It is impossible to know what promises Robbie made to John O'Neil (who has $500,000 worth of stock in the club) or what he said to him, but O'Neil is not even allowed near the Dolphin office, nor is he invited on road trips or to the owners' box. The reason, according to Robbie, is because O'Neil is subversive to the Dolphin organization. Once underground, the conflict between the two now is flaming in public. O'Neil, an original investor and the only one from Miami, recently aimed a civil suit at Robbie charging mismanagement of funds, using club funds for his personal use, raising his salary in violation of the partnership agreement and numerous other practices. He hopes to force an accounting in court. If the suit reaches court, it could be quite explosive. It could expose Joe Robbie as a hustler of considerable dimension or reveal him as an unjustly maligned man. Whatever, it will surely scar the Dolphins, a team already bent by a sad, comic and absurd four-year history, in which they have won 14 of 55 games.

Thomas and Robbie brought their operation to Miami in 1965, having obtained the franchise on Thomas' name and affluence and Joe's clout, the base of which is rooted in politics. Robbie is a good friend of Hubert Humphrey and former AFL Commissioner Joe Foss, who granted Robbie the franchise just before leaving office. Full of enthusiasm and verbal sock, Thomas and Robbie announced sponsorship of the franchise at the Palm Bay Club. "Doesn't every Lebanese boy who grew up in Toledo want to own a professional team?" said Thomas. Two years later Thomas was gone. "I never went into football to make money, only to have fun," he says. "I had all my fun on the first play the Dolphins ever ran. It was the opening kick-off, and I ran 50 yards for a score. Imagine, no other owner ever ran for a touchdown. This kid Joe Auer took it back 95 yards. I'm on the bench and I pick him up on the 45, me and my cigar. Yelling, I go the rest of the way. I fall flat on my face, right in the end zone. What an opening!" Why did he give up so much fun? He simply says that Robbie bought him out.

Long before Thomas' departure, however, the franchise had a feel of confusion and comedy that triggered cynicism and suspicion. (Bud Adams, the president of the Houston Oilers, once described Robbie as "running a $2 million a year business like a fruit stand.") From the start it lacked style. Robbie opened up a two-room office in the DuPont Plaza and filled it with telephones and a girl to pick them up and listen to people who, rather than requesting tickets, were looking for jobs; the head coach position was most popular. One applicant was a hotel clerk who was certain he had a gift for organization. Another was a Pittsburgh trash collector. An itinerant evangelist even applied, convinced that he, being pure of heart, could never lose. The girl, small wonder, did not hire any of them, and Robbie eventually named George Wilson as his coach. Next, a training camp was chosen. The place would be St. Petersburg, and what happened there could be the germ of a whacky musical.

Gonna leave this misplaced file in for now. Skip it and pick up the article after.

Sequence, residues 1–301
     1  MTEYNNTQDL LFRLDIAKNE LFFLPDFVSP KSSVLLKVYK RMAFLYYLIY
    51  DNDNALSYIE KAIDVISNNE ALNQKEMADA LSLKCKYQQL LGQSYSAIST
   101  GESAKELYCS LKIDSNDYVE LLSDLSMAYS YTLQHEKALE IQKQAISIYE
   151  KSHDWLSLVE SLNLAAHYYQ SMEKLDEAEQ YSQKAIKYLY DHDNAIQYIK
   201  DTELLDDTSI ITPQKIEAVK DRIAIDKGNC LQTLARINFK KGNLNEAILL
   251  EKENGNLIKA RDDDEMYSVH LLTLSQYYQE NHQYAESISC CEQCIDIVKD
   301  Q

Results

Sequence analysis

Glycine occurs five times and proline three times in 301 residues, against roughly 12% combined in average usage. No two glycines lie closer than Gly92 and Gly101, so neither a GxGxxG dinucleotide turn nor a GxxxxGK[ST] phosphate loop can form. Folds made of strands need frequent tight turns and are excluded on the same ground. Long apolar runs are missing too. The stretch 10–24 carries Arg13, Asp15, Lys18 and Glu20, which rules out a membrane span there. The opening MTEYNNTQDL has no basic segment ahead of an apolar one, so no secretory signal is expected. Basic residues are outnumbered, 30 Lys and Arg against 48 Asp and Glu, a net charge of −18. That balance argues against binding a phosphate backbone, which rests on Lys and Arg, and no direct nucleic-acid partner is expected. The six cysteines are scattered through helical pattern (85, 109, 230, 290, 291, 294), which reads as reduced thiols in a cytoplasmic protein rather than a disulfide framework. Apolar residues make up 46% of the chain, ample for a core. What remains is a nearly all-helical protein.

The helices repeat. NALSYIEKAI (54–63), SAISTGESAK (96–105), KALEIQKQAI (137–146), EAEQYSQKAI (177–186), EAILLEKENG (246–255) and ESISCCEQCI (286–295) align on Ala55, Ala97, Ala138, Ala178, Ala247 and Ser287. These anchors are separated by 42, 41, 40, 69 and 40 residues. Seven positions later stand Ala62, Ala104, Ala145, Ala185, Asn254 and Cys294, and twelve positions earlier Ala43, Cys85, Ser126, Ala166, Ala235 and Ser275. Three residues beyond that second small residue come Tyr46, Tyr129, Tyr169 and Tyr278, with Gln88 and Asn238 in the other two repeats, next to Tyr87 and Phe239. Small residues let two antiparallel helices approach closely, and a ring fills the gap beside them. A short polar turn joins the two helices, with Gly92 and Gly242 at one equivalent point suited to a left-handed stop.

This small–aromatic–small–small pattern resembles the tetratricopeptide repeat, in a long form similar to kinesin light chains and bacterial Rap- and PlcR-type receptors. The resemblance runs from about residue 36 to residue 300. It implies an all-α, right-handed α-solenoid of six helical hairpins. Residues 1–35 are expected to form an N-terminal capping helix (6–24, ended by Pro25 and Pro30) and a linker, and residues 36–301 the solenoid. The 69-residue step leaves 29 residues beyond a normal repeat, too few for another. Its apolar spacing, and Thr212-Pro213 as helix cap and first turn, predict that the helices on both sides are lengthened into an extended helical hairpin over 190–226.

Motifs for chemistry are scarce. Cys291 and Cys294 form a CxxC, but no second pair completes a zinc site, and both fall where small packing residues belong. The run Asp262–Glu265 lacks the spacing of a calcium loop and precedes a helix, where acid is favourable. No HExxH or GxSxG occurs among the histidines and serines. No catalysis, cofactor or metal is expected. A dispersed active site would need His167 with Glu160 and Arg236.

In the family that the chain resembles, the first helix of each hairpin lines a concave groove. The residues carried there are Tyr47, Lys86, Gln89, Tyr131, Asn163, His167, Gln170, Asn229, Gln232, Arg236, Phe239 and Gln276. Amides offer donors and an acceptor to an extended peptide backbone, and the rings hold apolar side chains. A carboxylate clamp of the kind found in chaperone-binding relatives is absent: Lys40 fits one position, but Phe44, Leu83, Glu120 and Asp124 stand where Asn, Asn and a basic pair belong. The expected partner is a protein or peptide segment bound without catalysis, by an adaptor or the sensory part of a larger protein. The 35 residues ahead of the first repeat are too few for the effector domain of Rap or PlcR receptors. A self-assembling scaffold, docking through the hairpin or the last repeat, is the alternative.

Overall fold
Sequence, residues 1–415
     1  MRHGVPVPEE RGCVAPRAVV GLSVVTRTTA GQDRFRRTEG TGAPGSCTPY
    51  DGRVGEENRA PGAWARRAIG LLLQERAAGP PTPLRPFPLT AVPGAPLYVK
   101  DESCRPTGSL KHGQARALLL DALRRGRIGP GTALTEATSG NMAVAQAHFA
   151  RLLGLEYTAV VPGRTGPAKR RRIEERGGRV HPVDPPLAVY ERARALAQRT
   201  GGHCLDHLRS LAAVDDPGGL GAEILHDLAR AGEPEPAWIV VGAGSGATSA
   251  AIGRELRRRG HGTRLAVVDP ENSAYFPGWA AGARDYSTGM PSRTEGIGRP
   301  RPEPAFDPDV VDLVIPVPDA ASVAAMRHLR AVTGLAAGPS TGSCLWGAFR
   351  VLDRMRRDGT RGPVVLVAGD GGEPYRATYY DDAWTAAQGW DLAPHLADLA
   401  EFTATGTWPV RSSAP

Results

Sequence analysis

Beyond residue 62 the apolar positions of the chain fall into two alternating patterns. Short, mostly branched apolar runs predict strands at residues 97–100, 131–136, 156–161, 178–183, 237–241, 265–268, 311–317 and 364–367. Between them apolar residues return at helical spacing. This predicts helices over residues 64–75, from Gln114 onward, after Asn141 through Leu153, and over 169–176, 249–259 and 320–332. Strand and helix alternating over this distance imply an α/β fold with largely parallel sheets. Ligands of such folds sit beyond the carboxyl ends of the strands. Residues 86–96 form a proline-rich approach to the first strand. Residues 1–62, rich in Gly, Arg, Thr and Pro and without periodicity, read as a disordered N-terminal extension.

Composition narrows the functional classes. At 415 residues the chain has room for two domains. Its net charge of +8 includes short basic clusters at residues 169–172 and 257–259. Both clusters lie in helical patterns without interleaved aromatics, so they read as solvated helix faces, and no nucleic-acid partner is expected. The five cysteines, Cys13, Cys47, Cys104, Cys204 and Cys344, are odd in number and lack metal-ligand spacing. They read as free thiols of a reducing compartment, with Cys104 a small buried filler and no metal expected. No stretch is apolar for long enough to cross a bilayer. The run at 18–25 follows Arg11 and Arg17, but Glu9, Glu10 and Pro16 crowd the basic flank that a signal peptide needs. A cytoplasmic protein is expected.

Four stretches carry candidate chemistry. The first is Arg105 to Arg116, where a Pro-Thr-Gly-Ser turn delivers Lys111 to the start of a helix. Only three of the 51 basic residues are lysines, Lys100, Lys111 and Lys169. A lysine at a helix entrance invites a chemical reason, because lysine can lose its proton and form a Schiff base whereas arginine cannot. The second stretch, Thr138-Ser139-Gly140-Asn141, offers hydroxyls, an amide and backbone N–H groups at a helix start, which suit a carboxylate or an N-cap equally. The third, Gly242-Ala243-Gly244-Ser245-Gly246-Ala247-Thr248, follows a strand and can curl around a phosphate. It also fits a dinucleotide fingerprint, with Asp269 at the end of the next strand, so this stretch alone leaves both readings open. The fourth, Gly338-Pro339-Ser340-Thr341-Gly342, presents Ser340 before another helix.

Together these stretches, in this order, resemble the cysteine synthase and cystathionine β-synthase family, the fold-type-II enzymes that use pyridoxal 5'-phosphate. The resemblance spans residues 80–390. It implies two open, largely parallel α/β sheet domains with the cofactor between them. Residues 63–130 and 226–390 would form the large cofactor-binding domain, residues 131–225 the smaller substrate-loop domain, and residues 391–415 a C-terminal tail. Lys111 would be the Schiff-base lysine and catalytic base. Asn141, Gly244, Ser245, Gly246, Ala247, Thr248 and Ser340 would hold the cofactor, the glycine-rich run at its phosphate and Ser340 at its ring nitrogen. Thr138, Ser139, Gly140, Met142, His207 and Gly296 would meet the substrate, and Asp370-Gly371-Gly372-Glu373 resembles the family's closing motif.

Desperate to save money, the Dolphins accepted an offer from Suncoast Sports, Inc., in which Suncoast would underwrite $70,000 in expenses. Chuck Burr, then the Dolphins' business manager, and Robbie were elated. The only trouble was that Suncoast suddenly did not exist; its only representative was a man named John Burroughs. From this point on it was all downhill. The practice field was a thin layer of sod over seashells, and soon it was only seashells; visitors still remember the wailing of the injured. Gallantly, Burroughs tried to roll the field, but the improvement was hardly noticeable. It was enough, though, to prompt George Wilson to try to appease Burroughs and hopefully keep him at the roller. Burroughs had a son who was a linebacker candidate. Wilson kept the kid around so long it was embarrassing. When he finally cut him, the old man and his roller disappeared.

The field was just part of the bleakness at St. Petersburg. The players had to use their hotel rooms as dressing areas and, two to a room, slept with jockstraps, shirts and damp pads hanging near their noses. The food was equally demoralizing: the hotel served so much Chinese food that Linebacker Wahoo McDaniel threatened that "from now on they'll have to carry me to practice in a rickshaw." Even George Wilson was having problems. When he cut a player, he had to reach into his own pocket and pay the player's air fare home; being from California was a definite advantage. Wilson soon refrained from cutting, and expenses rocketed. Creditors were in line, and the trials of the Dolphins were spread over the sports pages. Finally, Robbie, an absentee owner in Minnesota, where he said he had been marooned on account of an airline strike, arrived, snorting smoke. Eventually, Chuck Burr would take the fall; his lawsuit is now just one of many in Robbie's desk drawer.